Question My balance has gotten bad enough that I’m considering selling my Hunter 146 and buying something with more initial stability. Would a Catalina 14 K do

Short answer is probably yes. The keel version draws about two feet, adds two hundred pounds of ballast, and eliminates having a centerboard well; the cockpit is self draining. My boat was built in 2015 and I ordered it with a factory mounted motor mount, topping lift, and installed lazy jacks and had a mainsail cover made. Launch it in the spring, keep it at my dock on a large freshwater lake until early fall, use a Honda 2.3 long shaft outboard. Since I single hand always the boat has given me the equivalent of a 23 foot sailboat and a Cape Dory Typhoon, both keel boats, which I sailed over many years. Rigging is virtually the same and the only trade off I feel like I have made is reducing the amount of wind in which I want to sail; 6 to 12 is ideal and gusts to 15 or a little more are not a concern although I will sail in a little higher wind conditions just for the thrill of it. The boat rides well at the dock because of the keel weight; I added a mooring cleat to the forward deck and mooring cleats on the port and starboard sides aft for easier mooring at my dock. Great sailing dinghy!
Agreed that the keel version is a whole different ballgame compared to the swing board model. If boat's staying wet moored that's great, but when you're storing on a trailer it would seem to be a hassle. My swing board is a snap to launch/retrieve with the setup I developed. Sits low on the trailer so it's easy to access the cockpit from the ground, also easy to move it around (lighter weight) and store with the low profile. It does demand more attention when under sail since your weight must work in conjunction with the keel to keep good control. I've heard that it points better because the board gets superior bite on the water (compared to the shallower draft fixed keel), and also accelerates like a Ferrari in sporty conditions. It will actually go on plane with strong following winds, real exciting! Conversely, when it's rough seas I would greatly prefer the fixed keel. I don't go on big lakes, you really have to be on top of your game when the waves kick up or you'll be in deep doo-doo. Attached are a few pics of my "Mistress". See how I need my 190 lb gut to make for a nice windward run!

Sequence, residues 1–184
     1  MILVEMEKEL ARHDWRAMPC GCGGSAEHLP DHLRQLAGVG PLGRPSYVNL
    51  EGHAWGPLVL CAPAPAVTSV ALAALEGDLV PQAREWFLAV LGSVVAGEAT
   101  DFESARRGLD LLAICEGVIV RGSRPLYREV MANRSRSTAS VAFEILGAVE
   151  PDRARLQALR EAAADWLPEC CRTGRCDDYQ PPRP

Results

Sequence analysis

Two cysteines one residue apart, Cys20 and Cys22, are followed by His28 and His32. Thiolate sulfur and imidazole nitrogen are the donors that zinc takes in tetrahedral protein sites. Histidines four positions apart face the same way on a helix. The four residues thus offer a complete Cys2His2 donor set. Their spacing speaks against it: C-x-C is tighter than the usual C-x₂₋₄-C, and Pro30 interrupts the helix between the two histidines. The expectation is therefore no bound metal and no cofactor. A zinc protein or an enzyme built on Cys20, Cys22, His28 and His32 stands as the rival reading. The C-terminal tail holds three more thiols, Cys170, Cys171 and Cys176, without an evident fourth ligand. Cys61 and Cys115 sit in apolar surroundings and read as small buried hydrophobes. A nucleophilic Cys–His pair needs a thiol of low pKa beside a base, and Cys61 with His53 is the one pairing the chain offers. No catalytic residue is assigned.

• Best Trailer Shot.JPG
    Best Trailer Shot.JPG
    793.4 KB · Views: 78
  • Action 5.jpeg
    Action 5.jpeg
    453.8 KB · Views: 80
  • Stern of Capri.JPG
    Stern of Capri.JPG
    836 KB · Views: 75
  • Transom 2.JPG
    Transom 2.JPG
    815.7 KB · Views: 92
  • Lazy Day At Anchor.jpeg
    Lazy Day At Anchor.jpeg
    488.7 KB · Views: 80
  • Ready To Go.jpeg
    Ready To Go.jpeg
    461.7 KB · Views: 83
Yesterday's conditions were winds 6 to 9 with gusts generally up to about 15, maybe a few higher than that. Wind was blowing across the lake so there was not a lot of fetch and not quite white capping. With the keel boat and single handing I never felt the need to hike out on the gunnel or reduce sail with my set of reef points. In fact, in the lower wind speeds, probably below 6 or 7 sitting to leeward was not uncomfortable. Point being that the keel was the difference. The boat does not point quite as well as it probably would with a center board and it's added depth but at some point the longer board also begins to add more resistance to lateral movement and actually increases the healing tendency. The last center board boat which I owned and sailed regularly was a Tanzer 16, with more weight in the board and wider beam. It would plane with enough breeze downwind and yet was not as tender as the centerboarded 14.2 seems to be. I do not miss the center board trunk which comes with a centerboarded day sailer. I have been pleasantly surprised at the response of the boat to light winds and never feel as if I have given up anything by having the keel version.
Launching and retrieving the 14.2K is accomplished by using a rope/chain attachment which lets us "sink" the trailer enough so that the bunks are just below the water level. The boat is light enough so that getting it on and off of the trailer is no problem. I carry a 6 foot aluminum folding ladder to the marina for ease in accessing the boat while it is on the trailer; same thing for getting onto the boat when it is in the yard at home. Because we keep the boat at a dock at home during the season, we are only launching once in the spring and retrieving only once in the fall.